Teodoro Petkoff. Petkoff spent much of the meeting outlining
the structure of higher education in Venezuela and noting
that the entry of the students into the protests against the
government's decision not to renew RCTV's license was a
significant development. The students were likely to
continue their activism and protests (although perhaps with
pauses), as they view the traditional and long-standing
autonomy of the major public institutions under direct threat
by Chavez, he said. Still, Petkoff also thought Chavez
would continue to seek ways to undermine these universities
and to push his alternative Bolivarian institutions.

10. (C) Petkoff said that perhaps more importantly in the
long term was the public refusal of the three pro-government
parties Podemos, Patria Para Todos and the Venezuelan
Communists to dissolve and join Chavez, new unified
socialist party (PSUV). Chavez, efforts to force these
groups into his new party were only widening fractures within
Chavismo. Petkoff also discussed his association with a new
think tank, Pensar en Venezuela, set up to monitor trends
within the country. Petkoff thought that the increasing
failure of Chavez, economic policies would cause him serious
domestic problems, as well.



--------------------------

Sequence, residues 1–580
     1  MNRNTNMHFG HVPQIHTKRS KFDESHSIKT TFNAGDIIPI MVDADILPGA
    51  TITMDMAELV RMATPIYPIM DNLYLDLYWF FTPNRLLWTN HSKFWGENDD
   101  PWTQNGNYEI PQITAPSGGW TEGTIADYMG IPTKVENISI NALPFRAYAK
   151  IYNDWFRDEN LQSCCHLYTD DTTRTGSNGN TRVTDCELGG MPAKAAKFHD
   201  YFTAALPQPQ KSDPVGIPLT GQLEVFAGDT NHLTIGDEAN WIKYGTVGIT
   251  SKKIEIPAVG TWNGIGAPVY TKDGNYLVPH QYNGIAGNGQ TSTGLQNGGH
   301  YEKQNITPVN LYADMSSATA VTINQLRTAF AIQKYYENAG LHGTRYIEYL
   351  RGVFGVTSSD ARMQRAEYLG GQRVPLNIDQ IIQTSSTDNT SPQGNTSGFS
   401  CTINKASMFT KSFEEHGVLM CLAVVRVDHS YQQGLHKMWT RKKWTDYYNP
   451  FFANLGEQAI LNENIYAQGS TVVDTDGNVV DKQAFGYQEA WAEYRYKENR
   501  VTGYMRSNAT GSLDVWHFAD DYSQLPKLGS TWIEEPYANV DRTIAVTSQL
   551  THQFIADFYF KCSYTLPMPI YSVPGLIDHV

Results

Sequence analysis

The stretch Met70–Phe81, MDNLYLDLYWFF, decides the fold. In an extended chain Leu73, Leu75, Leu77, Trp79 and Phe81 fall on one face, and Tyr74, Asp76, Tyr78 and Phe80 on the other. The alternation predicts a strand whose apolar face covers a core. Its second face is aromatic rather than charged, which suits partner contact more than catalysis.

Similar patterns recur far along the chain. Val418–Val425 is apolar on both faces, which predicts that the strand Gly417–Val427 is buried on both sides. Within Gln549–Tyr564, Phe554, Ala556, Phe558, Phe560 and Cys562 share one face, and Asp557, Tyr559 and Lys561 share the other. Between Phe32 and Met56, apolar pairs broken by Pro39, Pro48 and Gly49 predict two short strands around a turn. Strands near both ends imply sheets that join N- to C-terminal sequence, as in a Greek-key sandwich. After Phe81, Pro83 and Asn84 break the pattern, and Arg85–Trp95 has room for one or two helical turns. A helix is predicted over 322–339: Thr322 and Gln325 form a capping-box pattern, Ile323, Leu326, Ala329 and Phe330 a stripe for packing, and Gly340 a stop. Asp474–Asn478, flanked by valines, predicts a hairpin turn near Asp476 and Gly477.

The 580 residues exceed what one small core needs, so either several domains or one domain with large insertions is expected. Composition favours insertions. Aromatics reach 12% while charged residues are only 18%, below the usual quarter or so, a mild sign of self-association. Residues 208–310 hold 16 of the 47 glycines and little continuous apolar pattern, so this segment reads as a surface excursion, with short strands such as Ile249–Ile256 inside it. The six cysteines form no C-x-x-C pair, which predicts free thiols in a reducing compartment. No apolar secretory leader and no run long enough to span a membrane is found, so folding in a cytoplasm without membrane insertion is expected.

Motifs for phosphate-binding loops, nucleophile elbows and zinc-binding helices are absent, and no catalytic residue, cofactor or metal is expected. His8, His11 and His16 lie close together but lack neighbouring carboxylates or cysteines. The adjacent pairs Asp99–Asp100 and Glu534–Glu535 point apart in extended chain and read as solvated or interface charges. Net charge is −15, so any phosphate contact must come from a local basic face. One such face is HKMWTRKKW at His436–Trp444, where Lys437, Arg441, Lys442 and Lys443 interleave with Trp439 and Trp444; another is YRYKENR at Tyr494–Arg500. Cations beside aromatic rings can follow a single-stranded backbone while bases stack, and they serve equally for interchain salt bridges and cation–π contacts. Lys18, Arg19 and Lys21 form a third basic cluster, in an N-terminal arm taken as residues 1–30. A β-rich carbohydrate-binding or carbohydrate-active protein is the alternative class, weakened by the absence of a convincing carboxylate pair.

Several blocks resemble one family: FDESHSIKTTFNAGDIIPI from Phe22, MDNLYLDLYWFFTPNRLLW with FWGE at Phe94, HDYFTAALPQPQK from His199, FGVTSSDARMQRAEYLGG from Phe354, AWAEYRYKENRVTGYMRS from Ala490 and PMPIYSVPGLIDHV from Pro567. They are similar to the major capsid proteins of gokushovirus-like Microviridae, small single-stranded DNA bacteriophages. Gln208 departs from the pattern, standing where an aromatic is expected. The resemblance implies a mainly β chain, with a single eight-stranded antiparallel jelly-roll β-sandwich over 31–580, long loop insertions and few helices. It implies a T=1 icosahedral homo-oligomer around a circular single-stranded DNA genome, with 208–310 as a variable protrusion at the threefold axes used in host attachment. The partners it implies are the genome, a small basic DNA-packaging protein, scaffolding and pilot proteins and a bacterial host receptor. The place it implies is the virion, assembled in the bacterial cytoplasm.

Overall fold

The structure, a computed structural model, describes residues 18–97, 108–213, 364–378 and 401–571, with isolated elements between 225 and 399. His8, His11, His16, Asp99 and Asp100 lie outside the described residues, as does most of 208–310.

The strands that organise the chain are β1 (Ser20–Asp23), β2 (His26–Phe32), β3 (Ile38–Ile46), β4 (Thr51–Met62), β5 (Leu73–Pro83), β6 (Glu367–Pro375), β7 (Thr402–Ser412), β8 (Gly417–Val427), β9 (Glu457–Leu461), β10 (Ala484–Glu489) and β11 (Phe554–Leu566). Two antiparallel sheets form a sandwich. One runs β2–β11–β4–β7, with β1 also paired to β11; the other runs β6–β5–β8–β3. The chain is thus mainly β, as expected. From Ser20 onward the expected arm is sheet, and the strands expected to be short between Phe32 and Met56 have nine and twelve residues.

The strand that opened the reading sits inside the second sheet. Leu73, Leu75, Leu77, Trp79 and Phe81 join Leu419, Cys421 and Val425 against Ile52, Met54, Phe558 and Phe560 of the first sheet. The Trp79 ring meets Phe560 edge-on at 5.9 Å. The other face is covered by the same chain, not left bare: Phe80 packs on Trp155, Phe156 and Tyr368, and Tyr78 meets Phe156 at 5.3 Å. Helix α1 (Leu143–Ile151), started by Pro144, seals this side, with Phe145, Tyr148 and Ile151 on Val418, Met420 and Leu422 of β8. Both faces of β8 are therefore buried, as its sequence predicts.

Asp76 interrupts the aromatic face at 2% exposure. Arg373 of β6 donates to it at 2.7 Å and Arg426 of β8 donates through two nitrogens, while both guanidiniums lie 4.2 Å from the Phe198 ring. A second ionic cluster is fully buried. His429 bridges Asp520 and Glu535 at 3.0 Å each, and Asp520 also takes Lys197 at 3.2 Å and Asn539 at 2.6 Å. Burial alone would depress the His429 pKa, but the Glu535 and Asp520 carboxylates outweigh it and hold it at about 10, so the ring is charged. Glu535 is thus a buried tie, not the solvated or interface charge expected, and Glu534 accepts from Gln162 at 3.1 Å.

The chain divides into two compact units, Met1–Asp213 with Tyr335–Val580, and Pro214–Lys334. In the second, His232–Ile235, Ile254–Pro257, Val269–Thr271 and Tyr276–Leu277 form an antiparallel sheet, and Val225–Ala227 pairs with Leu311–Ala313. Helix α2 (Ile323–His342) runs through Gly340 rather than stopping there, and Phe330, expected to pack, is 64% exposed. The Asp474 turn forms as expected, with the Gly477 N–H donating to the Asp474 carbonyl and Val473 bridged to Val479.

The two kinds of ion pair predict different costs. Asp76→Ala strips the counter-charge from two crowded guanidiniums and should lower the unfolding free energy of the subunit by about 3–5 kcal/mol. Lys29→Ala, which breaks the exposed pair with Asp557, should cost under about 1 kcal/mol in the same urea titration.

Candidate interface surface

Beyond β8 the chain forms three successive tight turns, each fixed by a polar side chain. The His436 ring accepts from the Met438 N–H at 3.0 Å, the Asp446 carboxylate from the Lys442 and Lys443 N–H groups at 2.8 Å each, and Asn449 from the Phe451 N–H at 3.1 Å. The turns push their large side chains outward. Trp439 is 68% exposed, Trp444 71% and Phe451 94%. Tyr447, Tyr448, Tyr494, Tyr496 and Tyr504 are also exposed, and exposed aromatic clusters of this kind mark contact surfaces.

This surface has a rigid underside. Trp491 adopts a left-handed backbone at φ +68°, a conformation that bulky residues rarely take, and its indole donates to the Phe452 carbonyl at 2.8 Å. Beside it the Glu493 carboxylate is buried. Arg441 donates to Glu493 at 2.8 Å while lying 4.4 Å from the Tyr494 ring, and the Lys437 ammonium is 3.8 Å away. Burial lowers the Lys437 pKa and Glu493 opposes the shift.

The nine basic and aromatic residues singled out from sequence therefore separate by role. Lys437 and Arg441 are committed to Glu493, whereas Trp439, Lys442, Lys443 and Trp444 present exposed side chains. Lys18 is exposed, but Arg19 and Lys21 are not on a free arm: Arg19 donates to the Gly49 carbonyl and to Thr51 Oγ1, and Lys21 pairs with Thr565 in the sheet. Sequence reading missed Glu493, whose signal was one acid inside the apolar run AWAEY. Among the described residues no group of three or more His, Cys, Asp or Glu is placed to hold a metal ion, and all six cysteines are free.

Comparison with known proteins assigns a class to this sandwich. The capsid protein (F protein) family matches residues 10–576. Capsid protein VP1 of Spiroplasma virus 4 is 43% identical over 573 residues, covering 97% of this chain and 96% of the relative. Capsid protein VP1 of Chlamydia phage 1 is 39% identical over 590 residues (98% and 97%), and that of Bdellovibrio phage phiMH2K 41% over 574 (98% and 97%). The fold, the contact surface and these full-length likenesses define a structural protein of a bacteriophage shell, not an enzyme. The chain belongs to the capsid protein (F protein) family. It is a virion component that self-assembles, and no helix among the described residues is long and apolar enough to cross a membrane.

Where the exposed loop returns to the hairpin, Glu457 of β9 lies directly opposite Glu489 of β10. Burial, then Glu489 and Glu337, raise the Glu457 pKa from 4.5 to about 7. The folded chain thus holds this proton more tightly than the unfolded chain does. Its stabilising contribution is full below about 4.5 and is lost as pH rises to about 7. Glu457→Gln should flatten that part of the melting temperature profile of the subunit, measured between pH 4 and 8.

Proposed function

Comment


--------------------------



CARACAS 00001272 003.2 OF 003



11. (C) RCTV's supporters continue to seek creative ways of
keeping the issue of press freedom alive, albeit with less
fervor than in previous weeks. It seems extremely unlikely
Chavez will reverse his RCTV decision nor his gradual
strangling of the independent media. Students are now
largely resorting to a series of debates, some of which have
been held via Globovision programs. RCTV has tried to stir
up public nostalgia, by among other things holding public
screenings of popular shows in local squares, but will
probably be unable to maintain that strategy for very long.
In addition, momentum will likely decline during the
month-long America's Cup soccer tournament, during which time
the BRV has vowed not to permit marches, and the upcoming
Venezuelan summer vacation season. The extent to which
RCTV's advocates can draw international attention to freedom
of expression in Venezuela will be key to restoring momentum
after summer break and could help dissuade the BRV from
further limiting what little space remains for opposition
media outlets. It remains to be seen what, if any change, in
line will be adopted by Venevision now that it has received
its coveted license renewal.

12. (SBU) S/C McCarthy cleared this cable.
BROWNFIELD